Ghost Towns & Cemeteries

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By AHW staff

February 18, 2016

In Wyoming’s harsh climate and boom-and-bust economy, many towns that once boasted healthy populations and big dreams have been deserted. In many cases this happened because the town’s lifeblood — often a mine — was either shut down or the resource tapped out, leaving nothing behind but empty buildings and a few loyal local residents who have stayed behind to support the community, like in Jeffrey City. Some towns have been abandoned entirely and only ruins remain, such as the ghost town of Carbon. The best historical record of what the town used to be is often found in the town’s abandoned cemetery. These sites can be tremendously evocative. In addition to offering vivid reminders of the temporal nature of our own lives, they open a window to long-gone chapters of Wyoming’s history. No matter how few the remainders of the town, or what condition those remnants are in, they reach out and grab us, demanding that we consider those who have gone before. Ghost towns don’t stand out against the landscape like towns that are still in use do. Instead, ghost towns have become a part of the historical landscape as a whole, as one element of the grand space that has shown its experience with time. Ghost towns and cemeteries remind us that time has a way of changing things, and that change occurs at different scales. Ultimately, our anthropomorphic scale changes much quicker than our geological companions. The remainders of abandoned towns truly are “ghosts” of civilization, where the power of nature shows its resilience.Jeffrey City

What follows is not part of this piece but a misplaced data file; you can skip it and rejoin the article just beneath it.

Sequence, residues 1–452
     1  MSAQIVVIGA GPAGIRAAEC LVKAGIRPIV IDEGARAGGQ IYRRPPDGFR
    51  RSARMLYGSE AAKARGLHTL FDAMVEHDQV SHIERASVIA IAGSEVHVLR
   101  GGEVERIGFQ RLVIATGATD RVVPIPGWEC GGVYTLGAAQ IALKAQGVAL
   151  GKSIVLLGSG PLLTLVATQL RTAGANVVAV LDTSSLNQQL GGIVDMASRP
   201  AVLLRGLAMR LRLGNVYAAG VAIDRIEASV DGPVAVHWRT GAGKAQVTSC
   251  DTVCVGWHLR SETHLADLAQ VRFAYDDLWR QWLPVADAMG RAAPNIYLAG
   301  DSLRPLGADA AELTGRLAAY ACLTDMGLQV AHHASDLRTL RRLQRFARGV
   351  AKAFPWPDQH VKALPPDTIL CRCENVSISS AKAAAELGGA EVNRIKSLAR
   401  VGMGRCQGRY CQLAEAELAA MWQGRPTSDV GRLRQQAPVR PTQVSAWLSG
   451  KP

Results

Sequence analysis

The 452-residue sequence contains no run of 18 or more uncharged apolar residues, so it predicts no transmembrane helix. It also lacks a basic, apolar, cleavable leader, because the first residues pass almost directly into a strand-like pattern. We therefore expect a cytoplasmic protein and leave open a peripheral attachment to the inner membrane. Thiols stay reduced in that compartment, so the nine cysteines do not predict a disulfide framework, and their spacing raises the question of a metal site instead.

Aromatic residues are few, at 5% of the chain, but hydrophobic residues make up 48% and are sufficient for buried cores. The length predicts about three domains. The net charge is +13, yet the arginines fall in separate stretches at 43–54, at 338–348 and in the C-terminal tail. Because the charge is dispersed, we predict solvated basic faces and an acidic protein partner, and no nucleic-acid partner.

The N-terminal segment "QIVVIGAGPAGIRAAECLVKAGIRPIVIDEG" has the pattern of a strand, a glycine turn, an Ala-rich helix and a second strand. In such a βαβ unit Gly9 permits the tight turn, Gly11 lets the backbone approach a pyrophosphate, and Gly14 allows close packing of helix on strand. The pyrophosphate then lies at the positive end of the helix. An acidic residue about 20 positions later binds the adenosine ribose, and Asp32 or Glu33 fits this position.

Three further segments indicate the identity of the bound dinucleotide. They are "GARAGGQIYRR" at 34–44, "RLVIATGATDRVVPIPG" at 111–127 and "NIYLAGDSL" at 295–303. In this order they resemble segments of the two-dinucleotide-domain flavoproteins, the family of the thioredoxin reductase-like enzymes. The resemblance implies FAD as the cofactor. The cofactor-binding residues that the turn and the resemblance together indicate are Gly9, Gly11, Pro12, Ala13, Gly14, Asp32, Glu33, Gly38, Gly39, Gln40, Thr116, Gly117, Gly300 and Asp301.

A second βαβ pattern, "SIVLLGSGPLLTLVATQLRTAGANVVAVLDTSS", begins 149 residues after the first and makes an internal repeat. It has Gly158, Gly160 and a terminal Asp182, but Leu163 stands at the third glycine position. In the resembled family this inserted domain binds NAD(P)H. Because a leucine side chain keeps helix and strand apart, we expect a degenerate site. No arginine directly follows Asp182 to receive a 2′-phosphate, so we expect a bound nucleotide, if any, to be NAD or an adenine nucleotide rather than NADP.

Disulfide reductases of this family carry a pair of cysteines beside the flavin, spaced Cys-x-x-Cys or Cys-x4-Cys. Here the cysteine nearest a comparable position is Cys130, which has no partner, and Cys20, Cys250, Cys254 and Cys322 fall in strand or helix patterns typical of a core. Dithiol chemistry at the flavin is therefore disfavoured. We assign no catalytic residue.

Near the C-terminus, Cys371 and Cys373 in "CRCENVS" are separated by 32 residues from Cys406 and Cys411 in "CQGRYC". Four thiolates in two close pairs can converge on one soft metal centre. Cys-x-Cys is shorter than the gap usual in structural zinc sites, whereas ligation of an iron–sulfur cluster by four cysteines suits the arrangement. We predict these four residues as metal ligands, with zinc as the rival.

Jeffrey City

Jeffrey City in Fremont County was a uranium mine boom town that emptied quickly when the mine closed. Apartment buildings like the one pictured sit abandoned along the highway, overgrown and decaying.Sacajawea Cemetery

Sacajawea Cemetery

In a historic cemetery outside of Fort Washakie, Wyoming on the Wind River Reservation, a large granite tombstone bears the name Sacajawea. There are disputes over when and where she actually died after accompanying Lewis and Clark on their expedition across the United States. The account told by the headstone at the cemetery tells that Sacajawea abandoned her French-Canadian husband Toussaint Charbonneau and returned to her Shoshone people in Wyoming, where she lived until she was 100 years old and buried in the cemetery there in 1884. Other stories claim she died in 1812 shortly after the expedition and is buried in South Dakota. Whichever is true, the effect that Sacajawea has on people today is still evident at the Wyoming gravesite, where fresh flowers, memorials, and mementos can always be seen.Carbon, Wyoming.

Carbon, Wyoming

The coal boomtown of Carbon was founded in 1868 and was abandoned after coal production decreased and a major fire destroyed most of the town. Here is how it looked at its peak in 1875.Carbon, Wyoming

Carbon, Wyoming

A few stone foundations are all that remain to remind us of the once prosperous town of Carbon, named for the industry it served.Carbon CemeteryCarbon CemeteryJeffrey CitySacajawea CemeteryCarbon, Wyoming                      Carbon, WyomingCarbon CemeteryOne of the important caveats when exploring these seemingly abandoned sites is to remember always to respect private property rights. While it may appear as though no one has any interest in these sites, an owner may still exist. Before exploring, ask some questions to make sure you are not trespassing. The Wyoming Tales and Trails website can help you find some of our state’s wonderful and semi-forgotten locations.


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  • byKarla M Westerfield
    Posted February 21, 2016 12:53 am 0Likes

    There is also an old gravesite near the entrance to Pathfinder reservoir. 5 or 6 people buried there.

    • byAlliance for Historic Wyoming
      Posted February 29, 2016 4:34 pm 0Likes

      Thanks so much for sharing!

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